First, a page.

In the modification shown in Figure 6, an adjustable stop 64 is supported on a bracket 66 attached to the carburetor, and is connected to the choke lever 68 by means of pivoted toggle levers l0 and 12. The stop 64 is so adjusted with respect to the closed position of the choke valve that levers I0 and 12 return nearly, but not quite, to a position of alignment, and tend to be held in such position by gravity. During cranking, the suction tending to open valve I 8 is insufficient to break the toggle anclpermit the valve to open, since the mechanical advantage is small, but when the engine begins to fire the increased suction is sufficient to break the toggle and when once broken it exerts only a slight force tending to close the choke valve. V
In the modification shown in Figure '7 a hooked lever 14 is secured to the choke shaft 2|], and another hooked member 16 is pivoted to the outer wall of the carburetor in such relation that the two hooks engage when the choke valve is closed. A weight 18 is formed at the lower portion of member 16 to tend to maintain the hooked portion of member 16 in engagement with member 14. This arrangement maintains the choke valve in closed position until the force of suction acting upon it is suflicient to move the hooks past each other,-whereupon the only force tending to maintain the choke valve closed is the force of the thermostat. 4 The disengagement of the hooks upon the starting of the engine is aided by the vibration of the engine,- which tends to cause member 16 to swing about its pivot and thereby disengage the hooks.
In the modification shown in Figure 8, a cylinder is securedto the carburetor and is connected to the intake manifold or carburetor suction by a tube 82. A piston 84 in the cylinder is connected to the choke lever 85 by means of an overrunn'ing connection formed by a pin on lever 85 riding in a slot in a link 86 which is pivoted to the piston. A spring 88 normally holds piston 84 in such position as to retain the choke valve in closed position, but when the engine begins to fire the suction acting through tube 82 draws the piston 84 to the left, thus permitting the valve I8 to open under the influence of carburetor suction.
In the modification disclosed in Figure 9, a lever 90 of ferrous metal is fixed .to shaft 20; and a per-'- manent magnet 92 is flxed'to the carburetorin such relation as to contact with lever 90 when the valve I8 is closed. In this arrangement, it is evident that the maximum force tending to hold the valve closed is exertedwhe'n the parts are in the positions shown in Figure 9, but that when the valve I8 has once been opened-an appreciable distance it is substantially free of the influence of magnet 92. I
In the modification shown in Figure 10, a lever 93 of ferrous or other magnetic metal is secured to the choke valve shaft 20, inoperative relation to an electro-magnet formed by a core member 94 and a second core member 98. An air gap be-- tween the two core members is made adjustable by means of a screw 98 threaded in member 94 to increase or decrease the strength of the magnet.
Assuming that the ignition switch of the automobile is closed, member 94 is. magnetized in such sense as to attract member 93, by a current flowing from the storage battery 99 through the coil I I00. This maintains the choke valve closed while the car is being cranked. When the engine begins to fire, however, current flows from the generator I02 through circuit I04 and coil I06, magnetizing member 94 in a sense opposite to that resulting from coil I00, thereby releasing the member 93 and permitting the choke valve I 8 to open under the influence of carburetor suction.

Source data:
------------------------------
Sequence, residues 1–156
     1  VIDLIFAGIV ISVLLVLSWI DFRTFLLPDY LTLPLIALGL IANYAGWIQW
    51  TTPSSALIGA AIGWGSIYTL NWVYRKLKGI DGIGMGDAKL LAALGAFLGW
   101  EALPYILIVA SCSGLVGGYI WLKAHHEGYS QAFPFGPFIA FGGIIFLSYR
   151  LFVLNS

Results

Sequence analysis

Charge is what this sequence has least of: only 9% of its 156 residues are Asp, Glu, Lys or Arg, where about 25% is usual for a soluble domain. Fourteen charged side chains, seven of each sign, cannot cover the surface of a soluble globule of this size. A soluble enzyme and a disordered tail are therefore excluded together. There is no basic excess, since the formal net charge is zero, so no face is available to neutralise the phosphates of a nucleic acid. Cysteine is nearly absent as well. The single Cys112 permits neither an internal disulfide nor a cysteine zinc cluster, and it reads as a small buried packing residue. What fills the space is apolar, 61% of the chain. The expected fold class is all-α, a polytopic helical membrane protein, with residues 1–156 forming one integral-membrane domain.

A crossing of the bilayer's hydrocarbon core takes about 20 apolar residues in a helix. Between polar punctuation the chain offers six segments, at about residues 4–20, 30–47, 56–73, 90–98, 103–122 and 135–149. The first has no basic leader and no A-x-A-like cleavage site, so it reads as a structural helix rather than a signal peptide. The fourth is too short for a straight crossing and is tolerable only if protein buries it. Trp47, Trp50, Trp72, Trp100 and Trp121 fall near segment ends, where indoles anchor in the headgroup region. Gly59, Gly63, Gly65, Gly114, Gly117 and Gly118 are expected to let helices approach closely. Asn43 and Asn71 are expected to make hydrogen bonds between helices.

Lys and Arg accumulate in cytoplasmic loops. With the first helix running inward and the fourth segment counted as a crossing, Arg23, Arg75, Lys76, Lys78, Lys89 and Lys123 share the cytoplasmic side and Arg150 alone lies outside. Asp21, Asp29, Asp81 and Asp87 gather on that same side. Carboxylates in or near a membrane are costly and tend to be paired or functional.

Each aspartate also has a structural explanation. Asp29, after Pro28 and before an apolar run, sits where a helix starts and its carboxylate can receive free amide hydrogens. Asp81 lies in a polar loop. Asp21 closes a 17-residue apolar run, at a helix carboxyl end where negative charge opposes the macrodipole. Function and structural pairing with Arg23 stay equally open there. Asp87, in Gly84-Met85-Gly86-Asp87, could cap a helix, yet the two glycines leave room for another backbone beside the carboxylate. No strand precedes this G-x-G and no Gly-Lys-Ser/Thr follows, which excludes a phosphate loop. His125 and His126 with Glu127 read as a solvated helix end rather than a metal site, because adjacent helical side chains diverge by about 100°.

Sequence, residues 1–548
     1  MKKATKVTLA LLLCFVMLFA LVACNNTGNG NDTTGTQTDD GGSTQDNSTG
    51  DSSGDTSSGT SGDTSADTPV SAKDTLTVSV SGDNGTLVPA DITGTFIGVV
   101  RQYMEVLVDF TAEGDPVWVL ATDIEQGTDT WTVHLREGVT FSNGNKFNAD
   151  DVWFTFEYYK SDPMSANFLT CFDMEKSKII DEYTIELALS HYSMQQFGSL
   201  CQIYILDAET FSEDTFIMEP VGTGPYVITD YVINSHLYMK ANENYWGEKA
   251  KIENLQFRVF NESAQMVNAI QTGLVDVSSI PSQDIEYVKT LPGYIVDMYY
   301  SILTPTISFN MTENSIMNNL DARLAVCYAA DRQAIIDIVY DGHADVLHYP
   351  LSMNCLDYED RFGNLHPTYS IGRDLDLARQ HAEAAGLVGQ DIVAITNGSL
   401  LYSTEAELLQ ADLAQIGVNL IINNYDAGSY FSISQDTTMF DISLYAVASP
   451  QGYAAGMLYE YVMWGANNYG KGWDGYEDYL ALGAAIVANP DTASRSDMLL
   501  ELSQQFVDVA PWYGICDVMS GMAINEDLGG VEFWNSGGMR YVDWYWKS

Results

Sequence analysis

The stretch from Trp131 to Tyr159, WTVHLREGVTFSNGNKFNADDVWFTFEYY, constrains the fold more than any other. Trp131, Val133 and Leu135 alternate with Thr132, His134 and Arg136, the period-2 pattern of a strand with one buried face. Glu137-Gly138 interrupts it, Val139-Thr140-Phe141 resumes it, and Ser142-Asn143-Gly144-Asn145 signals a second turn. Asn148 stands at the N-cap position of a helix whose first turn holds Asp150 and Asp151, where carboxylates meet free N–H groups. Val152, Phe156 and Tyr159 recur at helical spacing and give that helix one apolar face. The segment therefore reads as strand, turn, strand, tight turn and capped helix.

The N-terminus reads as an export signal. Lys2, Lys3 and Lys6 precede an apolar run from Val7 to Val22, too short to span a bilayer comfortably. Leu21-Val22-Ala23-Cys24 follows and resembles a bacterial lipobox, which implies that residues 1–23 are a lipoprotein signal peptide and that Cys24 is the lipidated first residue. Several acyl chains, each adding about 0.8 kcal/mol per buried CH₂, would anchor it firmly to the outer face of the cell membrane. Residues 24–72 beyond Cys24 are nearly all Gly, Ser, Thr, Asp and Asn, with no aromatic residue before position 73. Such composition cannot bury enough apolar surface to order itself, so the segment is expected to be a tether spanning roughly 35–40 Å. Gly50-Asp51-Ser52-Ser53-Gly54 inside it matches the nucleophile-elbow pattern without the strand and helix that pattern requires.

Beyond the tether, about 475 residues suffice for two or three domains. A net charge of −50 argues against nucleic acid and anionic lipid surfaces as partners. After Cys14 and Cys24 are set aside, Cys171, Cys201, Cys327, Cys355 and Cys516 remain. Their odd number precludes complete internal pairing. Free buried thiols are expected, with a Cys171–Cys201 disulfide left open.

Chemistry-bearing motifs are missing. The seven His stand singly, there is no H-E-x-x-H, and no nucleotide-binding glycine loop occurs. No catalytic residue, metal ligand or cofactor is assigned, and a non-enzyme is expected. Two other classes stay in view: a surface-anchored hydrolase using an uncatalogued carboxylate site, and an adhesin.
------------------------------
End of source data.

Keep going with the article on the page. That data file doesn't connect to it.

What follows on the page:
In all the modifications, it will be understood that'as soon as the choke valve moves out of its closed position it is" substantially freed from the force'tending to hold it closed, but that it remains under the influence of the thermostat, which exerts a resilient force tending to close the valve, the force varying inversely with the temperature at the carburetor. It should also be further noted that if the thermostat is. omitted from any of the modifications shown, the device" bodied in many other forms, and that the inven-' tion is not limited to the modifications disclosed herein except as such limitations are expressed in the following claims.
1. Control mechanism for a carburetor comprising a pressure responsive air inlet valve, and
magnetic means constantly opposing opening movement of the valve with a force varying with the position of the valve.
2. Control mechanism for a carburetor for use in automotive vehicles, comprising a pressure responsive air inlet valve, a thermostat influencing the movement of the valve, and magnetic means constantly opposing opening movement of the valve during operation of the vehicle with a force varying with the position of-the valve.
3..Control mechanism for a carburetor comprising a pressure responsive air inlet'valve, and a permanent magnet opposing opening movement of the valve only when the valve is near its closed position.
4. Control mechanism for an internal combustion engine carburetor comprising an air inlet valve, magnetic means opposing opening movement of the valve, and magnetic means rendering the first mentioned magnetic means inoperative when the engine begins to fire.
5. Control mechanism for a carburetor for an internal combustion engine having an ignition circuit; comprising an air inlet valve, and electromagnetic meansenergized by said ignition circuit to urge the valve toward closed position and becoming inoperative when the engine begins to fire. I
6. Control mechanism for a carburetor for an internal combustion engine having an ignition circuit; comprising a pressure responsive air inletvalve, a thermostat influencing the opening of DISCLAIMER 1,996,245.Scott F. Hunt, South Bend, Ind. CARBURETOR. Patent dated April 2, 1935. Disclaimer filed May 26, 1938, by the assignee, Bendix Aviation Corporation.
Hereby enters this disclaimer to claims 1, 2, and 3 of said patent.
[Oflicial Gazette June 21, 1938.]